The one that got away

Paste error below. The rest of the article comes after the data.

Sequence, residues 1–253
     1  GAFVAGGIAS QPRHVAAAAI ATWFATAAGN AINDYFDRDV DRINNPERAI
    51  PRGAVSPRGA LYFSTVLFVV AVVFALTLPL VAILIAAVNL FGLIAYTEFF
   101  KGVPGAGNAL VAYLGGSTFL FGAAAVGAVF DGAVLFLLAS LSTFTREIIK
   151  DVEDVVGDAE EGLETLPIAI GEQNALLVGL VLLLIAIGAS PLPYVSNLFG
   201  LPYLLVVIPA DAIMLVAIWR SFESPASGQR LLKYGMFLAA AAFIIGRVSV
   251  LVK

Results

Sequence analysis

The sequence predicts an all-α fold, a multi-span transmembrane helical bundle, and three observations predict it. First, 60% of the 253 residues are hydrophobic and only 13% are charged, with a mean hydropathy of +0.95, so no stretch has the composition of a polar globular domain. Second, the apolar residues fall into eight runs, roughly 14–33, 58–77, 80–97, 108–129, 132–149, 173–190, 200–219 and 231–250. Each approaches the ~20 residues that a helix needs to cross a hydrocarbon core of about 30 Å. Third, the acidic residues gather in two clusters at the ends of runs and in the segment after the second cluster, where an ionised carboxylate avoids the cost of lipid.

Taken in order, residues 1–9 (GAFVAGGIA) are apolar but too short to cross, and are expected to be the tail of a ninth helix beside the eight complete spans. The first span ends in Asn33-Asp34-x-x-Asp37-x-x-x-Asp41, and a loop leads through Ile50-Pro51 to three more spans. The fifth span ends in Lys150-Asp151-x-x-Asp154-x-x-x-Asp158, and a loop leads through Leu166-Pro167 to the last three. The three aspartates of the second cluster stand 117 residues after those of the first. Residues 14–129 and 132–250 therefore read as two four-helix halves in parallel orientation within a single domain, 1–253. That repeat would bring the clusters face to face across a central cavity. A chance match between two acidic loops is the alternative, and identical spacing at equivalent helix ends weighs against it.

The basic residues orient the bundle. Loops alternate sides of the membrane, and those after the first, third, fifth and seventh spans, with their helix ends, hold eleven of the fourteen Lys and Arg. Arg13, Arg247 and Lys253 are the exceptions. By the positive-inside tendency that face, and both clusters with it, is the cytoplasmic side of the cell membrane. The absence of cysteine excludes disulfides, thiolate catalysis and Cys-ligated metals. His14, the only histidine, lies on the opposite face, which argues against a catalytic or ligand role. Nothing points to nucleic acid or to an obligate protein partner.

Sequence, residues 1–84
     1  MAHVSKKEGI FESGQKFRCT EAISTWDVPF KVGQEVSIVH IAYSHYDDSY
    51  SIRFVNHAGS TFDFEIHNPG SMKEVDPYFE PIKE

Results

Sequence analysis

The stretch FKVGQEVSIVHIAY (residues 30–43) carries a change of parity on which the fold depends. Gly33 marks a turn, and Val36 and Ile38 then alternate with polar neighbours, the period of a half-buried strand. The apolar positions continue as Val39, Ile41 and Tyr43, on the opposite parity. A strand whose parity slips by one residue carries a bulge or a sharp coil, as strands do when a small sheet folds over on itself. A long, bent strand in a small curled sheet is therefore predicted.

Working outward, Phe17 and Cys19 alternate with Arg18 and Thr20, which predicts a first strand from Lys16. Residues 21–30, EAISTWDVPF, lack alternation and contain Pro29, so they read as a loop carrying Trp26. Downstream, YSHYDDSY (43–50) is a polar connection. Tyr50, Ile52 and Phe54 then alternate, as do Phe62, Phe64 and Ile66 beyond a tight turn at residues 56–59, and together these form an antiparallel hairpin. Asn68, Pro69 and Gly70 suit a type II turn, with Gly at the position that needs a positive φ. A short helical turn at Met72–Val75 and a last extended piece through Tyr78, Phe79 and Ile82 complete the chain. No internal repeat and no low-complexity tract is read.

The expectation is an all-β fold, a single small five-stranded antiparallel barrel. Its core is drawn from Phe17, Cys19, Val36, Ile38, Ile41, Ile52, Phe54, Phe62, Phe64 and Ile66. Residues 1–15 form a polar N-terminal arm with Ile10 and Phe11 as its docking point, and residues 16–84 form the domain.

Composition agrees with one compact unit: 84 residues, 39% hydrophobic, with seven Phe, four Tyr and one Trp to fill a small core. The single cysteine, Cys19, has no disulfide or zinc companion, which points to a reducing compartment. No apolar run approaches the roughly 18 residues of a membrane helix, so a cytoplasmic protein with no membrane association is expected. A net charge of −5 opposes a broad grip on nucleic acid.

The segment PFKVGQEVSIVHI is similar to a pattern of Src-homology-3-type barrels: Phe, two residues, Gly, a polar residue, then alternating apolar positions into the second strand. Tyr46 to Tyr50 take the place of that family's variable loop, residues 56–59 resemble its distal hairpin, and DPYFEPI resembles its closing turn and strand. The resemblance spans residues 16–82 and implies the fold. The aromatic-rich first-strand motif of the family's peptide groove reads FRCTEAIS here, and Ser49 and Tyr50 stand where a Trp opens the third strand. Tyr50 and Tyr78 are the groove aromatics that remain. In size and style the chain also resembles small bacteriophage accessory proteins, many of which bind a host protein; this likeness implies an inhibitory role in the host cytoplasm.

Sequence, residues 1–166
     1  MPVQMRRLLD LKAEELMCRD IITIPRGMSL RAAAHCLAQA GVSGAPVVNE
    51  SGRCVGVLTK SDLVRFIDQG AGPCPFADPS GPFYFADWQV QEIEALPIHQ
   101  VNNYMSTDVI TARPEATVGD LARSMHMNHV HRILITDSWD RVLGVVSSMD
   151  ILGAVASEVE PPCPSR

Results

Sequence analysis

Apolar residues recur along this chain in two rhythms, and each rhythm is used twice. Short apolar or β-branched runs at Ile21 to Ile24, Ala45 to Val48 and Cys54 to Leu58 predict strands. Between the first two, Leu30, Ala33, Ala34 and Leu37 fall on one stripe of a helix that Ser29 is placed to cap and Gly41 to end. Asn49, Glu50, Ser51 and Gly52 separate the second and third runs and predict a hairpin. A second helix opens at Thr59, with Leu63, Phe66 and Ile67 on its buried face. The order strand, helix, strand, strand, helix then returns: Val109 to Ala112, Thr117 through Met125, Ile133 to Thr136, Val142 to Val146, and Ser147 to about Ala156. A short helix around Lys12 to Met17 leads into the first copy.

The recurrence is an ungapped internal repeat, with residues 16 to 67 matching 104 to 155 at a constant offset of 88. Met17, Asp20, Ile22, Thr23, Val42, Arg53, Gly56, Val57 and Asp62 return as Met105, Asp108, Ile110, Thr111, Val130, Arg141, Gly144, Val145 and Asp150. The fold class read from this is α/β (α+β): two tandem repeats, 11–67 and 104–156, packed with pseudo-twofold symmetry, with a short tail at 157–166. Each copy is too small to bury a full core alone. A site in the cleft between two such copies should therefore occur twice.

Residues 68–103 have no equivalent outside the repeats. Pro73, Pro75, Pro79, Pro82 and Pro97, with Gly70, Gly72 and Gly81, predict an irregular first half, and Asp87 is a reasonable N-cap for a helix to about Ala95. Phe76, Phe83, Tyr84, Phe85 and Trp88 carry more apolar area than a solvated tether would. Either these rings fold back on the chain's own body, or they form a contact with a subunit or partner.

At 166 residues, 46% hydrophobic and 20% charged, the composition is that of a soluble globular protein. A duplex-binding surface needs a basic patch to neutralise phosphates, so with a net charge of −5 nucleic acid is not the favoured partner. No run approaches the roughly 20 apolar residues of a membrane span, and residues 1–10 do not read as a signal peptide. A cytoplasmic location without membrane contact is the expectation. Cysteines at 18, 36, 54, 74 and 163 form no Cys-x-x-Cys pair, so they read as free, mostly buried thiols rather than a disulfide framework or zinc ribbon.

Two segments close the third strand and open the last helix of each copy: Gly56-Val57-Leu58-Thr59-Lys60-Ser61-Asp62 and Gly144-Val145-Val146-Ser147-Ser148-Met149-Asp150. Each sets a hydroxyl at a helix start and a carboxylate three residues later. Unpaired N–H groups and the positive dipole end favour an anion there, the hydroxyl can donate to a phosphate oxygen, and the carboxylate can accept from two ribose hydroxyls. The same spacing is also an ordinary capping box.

Anyone who goes fishing probably has a fishy story about "the one that got away." It was this big, doncha know. Yah, that was a bummer... but it's actually quite important that big fish get away, both for fish and fishermen. For most of the species that we fish, commercial and recreational fishermen are only allowed to keep individuals above a minimum legal size. The idea behind these laws is to protect juveniles so they can grow big enough to reproduce at least once before becoming our dinner. In theory, that means there will always be enough fish for dinner tomorrow. And insuring dinner for tomorrow is important enough that the British Parliament discussed protecting young - that is, small - fish as early as 1376, and today it's a common regulation for fisheries worldwide. Except, it doesn't really work. First, large individuals have the greatest number of successful offspring both because bigger fish produce more eggs and because the eggs they produce ALSO contain a more generous food supply for the baby fishies. So by removing the largest fish of a given species, we severely decrease the population's ability to replenish itself. Second, if we only remove the largest fish, that means fish that are small for their age - and thus smaller when they first reproduce - are more likely to live long enough to make babies. So individuals with small-fish genes tend to stay in the water, reproduce, and pass on their small-fish genes to new generations, while big fish and big-fish genes become rarer and rarer. We're basically breeding smaller fish, unintentionally - and it's not a small change. Size-selective fishing has caused the body mass of large commercial fish to be cut in half over the last 40 years - let me say that again: heavily-fished fish are now half the weight they used to be. Six-year-old haddock, for example, weigh 40% of what they did in 1970. Imagine if full-grown men weighed 65-pounds! Clearly, size-selective fishing means fewer and smaller fish in the water, which suggests it's not the best way to keep our fish supply stocked for future human generations. And in fact, there's a new idea called "balanced harvesting" ready to save the day. Instead of reeling in all of the largest individuals, fishermen would catch a smaller number of fish across a wider range of sizes, keeping the numbers and sizes of fish, well, balanced. However, old habits die hard, and the use of size limits is deeply ingrained in our collective fisheries management DNA. But sooner rather than later, we'll have to accept that it's good to let some of the "big ones" get away, for only they can change the course of fishtory.

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